Manicotti Stuffed With Cashew Ricotta and Spinach

recipe by John Fothergill
Ricotta

  • 1.5 cup soaked cashew
  • Lemon juice of 1 large lemon
  • S&P
  • 1.5 TBSP nutritional yeast

The Rest

  • EVOO
  • 2 bunch spinach
  • Parsley, basil, dill
  • Manicotti shells
  • Mushrooms
  • Splash white wine
  • Strained tomatoes
  • Shallots
  • Garlic
  • Vegan cheddar style cheese

Directions

  1. Soak 1.5 cup cashew for approximately 3 hrs.
  2. Dice a bunch of shallots and garlic.
  3. Preheat oven to 375F and boil large pot of water (add salt once boiling).
  4. Saute 2 bunches of spinach (washed and stems removed) then set aside in a colander to remove excess water.
  5. Saute some shallot in EVOO till translucent then add garlic. Continue sauteing until shallots are slightly browned. Season with S&P. Add to mixing bowl for stuffing.
  6. Rough chop spinach then add to stuffing mixing bowl.
  7. Half cook approximately 10 Manicotti shells (approximately 7 minutes) in the boiling water. Set aside to cool.
  8. Zest a lemon. Set zest aside to use for mushrooms.
  9. Make the cashew ricotta by blending the cashews with juice from a large lemon and 1.5 tbsp of nutritional yeast. Season with S&P. Blend until creamy in texture adding cashew soaking water as needed.
  10. Add ricotta to stuffing mixing bowl. Combine.
  11. Saute shallots and garlic (as in step 5) then add 1 jar or 2 cans of strained tomatoes (no skins and no seeds). Simmer on low.
  12. Fine chop some dill and tear some basil. Add to tomato sauce.
  13. Coat bottom of large glass baking dish with a thin layer of tomato sauce.
  14. Stuff the cooled manicotti shells with stuffing mixture. Arrange each in the baking dish. Try not to squeeze them together.
  15. Stir sauce then cover Manicotti with it. If you totally cover pasta it won’t dry out when baking. Grate some cheddar style vegan cheese over Manicotti. Bake for 30mins.
  16. Rough chop a bunch of mushrooms of your choice and some parsley. Saute shallots and garlic as in step 5. Add mushrooms. Deglaze with white wine. Add some parsley saving some as garnish. Cook down.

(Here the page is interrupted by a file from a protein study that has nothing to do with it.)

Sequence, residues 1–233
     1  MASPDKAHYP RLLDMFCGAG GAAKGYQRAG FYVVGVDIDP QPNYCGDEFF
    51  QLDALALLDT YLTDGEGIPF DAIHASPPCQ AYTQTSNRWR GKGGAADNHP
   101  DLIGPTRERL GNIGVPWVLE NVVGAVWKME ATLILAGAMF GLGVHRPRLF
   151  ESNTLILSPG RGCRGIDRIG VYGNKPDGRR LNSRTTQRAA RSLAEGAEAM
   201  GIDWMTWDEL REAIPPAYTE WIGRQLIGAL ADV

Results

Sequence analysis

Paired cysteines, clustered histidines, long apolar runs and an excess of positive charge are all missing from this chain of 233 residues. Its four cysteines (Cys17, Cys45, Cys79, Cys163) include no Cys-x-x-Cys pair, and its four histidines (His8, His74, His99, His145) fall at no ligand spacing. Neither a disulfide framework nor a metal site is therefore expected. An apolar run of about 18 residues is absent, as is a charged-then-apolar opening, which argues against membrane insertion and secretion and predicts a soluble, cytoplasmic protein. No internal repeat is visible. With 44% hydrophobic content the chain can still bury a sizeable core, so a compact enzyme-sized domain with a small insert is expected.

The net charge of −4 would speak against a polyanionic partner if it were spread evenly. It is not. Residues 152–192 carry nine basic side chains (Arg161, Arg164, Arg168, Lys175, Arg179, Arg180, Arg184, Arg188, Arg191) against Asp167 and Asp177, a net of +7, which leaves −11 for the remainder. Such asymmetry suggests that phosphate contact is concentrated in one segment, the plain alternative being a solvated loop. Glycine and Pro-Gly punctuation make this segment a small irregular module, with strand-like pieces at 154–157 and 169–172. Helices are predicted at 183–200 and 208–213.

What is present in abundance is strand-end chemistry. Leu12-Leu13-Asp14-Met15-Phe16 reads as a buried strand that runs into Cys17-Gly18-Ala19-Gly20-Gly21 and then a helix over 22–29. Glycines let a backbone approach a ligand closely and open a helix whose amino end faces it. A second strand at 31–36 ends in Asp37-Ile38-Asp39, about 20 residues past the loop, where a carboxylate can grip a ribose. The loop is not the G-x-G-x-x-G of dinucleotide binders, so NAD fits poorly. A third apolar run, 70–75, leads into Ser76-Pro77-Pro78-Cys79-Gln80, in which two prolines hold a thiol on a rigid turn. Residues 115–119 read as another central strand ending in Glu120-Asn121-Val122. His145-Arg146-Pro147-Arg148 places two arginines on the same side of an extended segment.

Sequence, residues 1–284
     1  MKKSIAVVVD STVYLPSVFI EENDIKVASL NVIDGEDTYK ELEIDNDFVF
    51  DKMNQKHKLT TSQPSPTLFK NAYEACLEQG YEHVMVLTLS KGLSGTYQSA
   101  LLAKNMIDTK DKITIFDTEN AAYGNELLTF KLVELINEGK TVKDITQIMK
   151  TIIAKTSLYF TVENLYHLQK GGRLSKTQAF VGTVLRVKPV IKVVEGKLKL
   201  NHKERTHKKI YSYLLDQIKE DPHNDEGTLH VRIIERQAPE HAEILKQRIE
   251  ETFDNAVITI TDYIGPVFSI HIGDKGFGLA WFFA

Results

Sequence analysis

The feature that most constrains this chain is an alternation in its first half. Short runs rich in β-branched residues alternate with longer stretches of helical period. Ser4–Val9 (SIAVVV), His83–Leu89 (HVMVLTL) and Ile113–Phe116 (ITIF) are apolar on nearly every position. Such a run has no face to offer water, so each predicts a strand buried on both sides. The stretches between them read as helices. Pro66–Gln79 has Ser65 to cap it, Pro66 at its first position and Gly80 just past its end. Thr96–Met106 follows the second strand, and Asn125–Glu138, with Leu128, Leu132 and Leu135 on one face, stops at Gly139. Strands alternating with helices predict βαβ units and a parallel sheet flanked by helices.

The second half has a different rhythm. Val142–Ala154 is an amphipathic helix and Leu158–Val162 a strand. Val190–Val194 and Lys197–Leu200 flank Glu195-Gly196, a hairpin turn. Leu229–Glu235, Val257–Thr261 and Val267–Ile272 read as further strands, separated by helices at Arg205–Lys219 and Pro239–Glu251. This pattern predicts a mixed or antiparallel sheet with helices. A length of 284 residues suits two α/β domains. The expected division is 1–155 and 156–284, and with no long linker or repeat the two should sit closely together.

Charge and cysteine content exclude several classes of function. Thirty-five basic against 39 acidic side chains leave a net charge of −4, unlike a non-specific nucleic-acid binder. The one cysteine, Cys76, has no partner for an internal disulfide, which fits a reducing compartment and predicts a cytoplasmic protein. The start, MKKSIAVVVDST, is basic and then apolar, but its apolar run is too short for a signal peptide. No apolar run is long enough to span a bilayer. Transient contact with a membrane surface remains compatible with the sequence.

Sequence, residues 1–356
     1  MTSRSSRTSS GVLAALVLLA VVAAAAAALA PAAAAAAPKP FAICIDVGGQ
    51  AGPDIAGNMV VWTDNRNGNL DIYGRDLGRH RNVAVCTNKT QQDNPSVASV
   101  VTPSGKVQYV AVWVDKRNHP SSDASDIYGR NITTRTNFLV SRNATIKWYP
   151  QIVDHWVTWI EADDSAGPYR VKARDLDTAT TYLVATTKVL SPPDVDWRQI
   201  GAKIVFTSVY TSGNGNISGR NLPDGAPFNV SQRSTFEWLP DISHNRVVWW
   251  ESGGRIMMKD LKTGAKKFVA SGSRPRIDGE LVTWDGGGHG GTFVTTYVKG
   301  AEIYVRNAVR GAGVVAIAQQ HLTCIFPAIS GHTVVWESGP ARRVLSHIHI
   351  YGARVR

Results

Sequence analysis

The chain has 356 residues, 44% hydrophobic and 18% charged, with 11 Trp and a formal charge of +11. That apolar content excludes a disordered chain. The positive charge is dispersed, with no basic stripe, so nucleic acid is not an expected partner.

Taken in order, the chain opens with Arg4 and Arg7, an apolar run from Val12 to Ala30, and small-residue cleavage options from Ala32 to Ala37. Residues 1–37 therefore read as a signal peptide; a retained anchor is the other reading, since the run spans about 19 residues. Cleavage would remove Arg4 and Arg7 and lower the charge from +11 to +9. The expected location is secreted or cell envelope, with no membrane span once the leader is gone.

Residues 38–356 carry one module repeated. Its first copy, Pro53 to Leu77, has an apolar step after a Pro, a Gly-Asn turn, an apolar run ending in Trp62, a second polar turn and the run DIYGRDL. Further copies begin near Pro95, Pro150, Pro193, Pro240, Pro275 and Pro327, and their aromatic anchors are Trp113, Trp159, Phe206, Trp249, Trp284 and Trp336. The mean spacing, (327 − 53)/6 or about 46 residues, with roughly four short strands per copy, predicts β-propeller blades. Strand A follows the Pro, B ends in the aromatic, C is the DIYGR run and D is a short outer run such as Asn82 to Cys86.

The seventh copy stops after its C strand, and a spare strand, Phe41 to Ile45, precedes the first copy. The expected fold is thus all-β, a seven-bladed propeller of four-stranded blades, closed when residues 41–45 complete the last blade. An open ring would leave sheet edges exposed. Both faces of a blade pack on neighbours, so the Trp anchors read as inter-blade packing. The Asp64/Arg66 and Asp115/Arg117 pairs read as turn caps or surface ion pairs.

17. Remove cooked Manicotti from oven and let sit for 5 minutes.
  18. Serve Manicotti on warmed plates. Top manicotti with mushrooms. Circle Manicotti with warmed EVOO. Garnish with remaining parsley.

ENJOY!!!

Why go vegan?

  • Animal agriculture results in the suffering of over 100 billion animals each year.
  • Animal agriculture is the 2nd leading cause of climate change.
  • Animal agriculture is the cause for 90% of rainforest deforestation.
  • Animal agriculture is the cause of 75% of antibiotic resistance.
  • Animal agriculture is the cause of at least 50% of heart disease and diabetes cases.
  • Animal agriculture is the cause of at least 50% of most cancers.
  • Animal agriculture uses at least 50% of our water reserves.
  • Animal agriculture runoff is the leading source of water pollution and causes the majority of ocean dead zones.

Simple Yet Tasty Spaghetti Sauce

San Marzano Tomatoesa variety of plum tomatoes, are considered by many chefs to be the best paste tomatoes in the world. (Wikipedia)

San Marzano tomato

San Marzano tomato

The key to a delicious spaghetti sauce is keeping it simple and using the correct type of tomatoes.  I’ve tried different types of tomatoes but the best tomatoes I recommend are san marzano tomatoes.  These types of tomatoes have thinner skins versus other tomatoes with thicker flesh and fewer seeds.  On it’s own these tomatoes have a stronger taste, sweeter and less acidic, perfect basis for a spaghetti sauce.